This book is well written and well researched. If you want to learn about how the mind of design genius Jony Ive works, don't read this book. The tagline is slightly misleading. Jony Ive's life is explored in about 3 chapters. The remainder of the book is concerned with the achievements of the Industrial Design Group in Apple. It was interesting and there's some cool stories. If you're into that, this book explores this very well. I was hoping for a deeper exploration into the thought patterns a This book is well written and well researched. If you want to learn about how the mind of design genius Jony Ive works, don't read this book. The tagline is slightly misleading. Jony Ive's life is explored in about 3 chapters. The remainder of the book is concerned with the achievements of the Industrial Design Group in Apple. It was interesting and there's some cool stories. If you're into that, this book explores this very well. I was hoping for a deeper exploration into the thought patterns and detailed design methodology of Ive and I didn't get that.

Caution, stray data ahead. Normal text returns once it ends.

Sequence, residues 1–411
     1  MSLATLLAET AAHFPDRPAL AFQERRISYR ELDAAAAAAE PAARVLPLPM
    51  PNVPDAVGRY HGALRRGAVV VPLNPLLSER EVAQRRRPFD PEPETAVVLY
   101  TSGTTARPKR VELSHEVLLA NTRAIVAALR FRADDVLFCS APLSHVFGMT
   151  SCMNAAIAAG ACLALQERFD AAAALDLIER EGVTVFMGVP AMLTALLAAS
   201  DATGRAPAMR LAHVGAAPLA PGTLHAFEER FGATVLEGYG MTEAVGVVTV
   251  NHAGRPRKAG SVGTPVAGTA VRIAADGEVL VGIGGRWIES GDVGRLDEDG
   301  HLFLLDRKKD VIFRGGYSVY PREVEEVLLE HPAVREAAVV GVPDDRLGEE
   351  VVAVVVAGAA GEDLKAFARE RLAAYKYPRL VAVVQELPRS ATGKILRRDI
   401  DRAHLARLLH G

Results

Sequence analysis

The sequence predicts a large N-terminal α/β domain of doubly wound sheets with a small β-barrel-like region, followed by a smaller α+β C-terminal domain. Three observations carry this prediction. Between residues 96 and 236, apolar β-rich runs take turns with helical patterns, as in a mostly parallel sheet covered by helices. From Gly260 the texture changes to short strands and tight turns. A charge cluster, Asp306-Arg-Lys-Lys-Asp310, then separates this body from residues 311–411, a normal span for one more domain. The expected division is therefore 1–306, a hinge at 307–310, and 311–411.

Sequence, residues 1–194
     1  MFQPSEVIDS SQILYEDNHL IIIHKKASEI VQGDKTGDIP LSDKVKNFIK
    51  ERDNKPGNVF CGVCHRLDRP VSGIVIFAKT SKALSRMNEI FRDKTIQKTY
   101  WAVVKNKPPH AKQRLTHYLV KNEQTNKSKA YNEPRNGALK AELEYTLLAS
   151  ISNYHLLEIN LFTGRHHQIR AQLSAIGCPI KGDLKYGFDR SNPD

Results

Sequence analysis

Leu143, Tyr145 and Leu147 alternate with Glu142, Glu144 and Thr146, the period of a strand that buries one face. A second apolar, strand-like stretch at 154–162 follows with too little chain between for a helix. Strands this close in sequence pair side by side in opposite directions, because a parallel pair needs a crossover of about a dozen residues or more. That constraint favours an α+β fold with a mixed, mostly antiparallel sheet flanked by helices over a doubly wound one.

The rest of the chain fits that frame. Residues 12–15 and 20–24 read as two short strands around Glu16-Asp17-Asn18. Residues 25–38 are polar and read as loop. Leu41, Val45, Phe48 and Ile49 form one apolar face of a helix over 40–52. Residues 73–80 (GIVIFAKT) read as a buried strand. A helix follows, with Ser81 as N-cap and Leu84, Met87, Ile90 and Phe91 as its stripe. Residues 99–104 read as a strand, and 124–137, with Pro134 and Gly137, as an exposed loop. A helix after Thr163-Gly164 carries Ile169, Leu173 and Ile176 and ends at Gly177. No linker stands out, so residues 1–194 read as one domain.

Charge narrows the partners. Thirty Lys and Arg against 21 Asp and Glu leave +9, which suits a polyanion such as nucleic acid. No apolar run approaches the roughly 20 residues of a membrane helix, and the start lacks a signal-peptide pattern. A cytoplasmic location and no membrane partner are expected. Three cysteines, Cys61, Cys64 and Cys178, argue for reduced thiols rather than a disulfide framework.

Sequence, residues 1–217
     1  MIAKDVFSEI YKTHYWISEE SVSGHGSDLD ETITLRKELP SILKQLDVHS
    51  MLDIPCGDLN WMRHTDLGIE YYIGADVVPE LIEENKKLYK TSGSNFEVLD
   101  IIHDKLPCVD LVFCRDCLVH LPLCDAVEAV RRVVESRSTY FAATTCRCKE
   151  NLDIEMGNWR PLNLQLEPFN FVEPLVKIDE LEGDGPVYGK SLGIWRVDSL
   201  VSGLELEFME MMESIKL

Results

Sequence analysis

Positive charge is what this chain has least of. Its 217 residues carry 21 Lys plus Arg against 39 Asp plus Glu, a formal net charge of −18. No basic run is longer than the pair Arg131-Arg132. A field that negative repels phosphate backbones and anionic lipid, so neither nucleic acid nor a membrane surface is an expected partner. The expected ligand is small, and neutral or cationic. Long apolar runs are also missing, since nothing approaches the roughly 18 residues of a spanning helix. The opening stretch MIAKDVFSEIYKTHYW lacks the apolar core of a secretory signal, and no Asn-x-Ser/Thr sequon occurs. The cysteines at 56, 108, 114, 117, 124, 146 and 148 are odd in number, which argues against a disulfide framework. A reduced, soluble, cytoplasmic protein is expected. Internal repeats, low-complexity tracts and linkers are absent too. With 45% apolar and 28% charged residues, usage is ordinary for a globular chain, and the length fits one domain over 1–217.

22. 5 out of 5

    Sean

    It had its inspiring and interesting bits. But it read almost like a commercial for Apple. Almost completely sugar-coated and noncritical, which doesn't do Ive justice. Also I had unrealistic expectations that this might reveal more about Apple's famously secret design and production processes, but, hey, they're famously secret. It had its inspiring and interesting bits. But it read almost like a commercial for Apple. Almost completely sugar-coated and noncritical, which doesn't do Ive justice. Also I had unrealistic expectations that this might reveal more about Apple's famously secret design and production processes, but, hey, they're famously secret.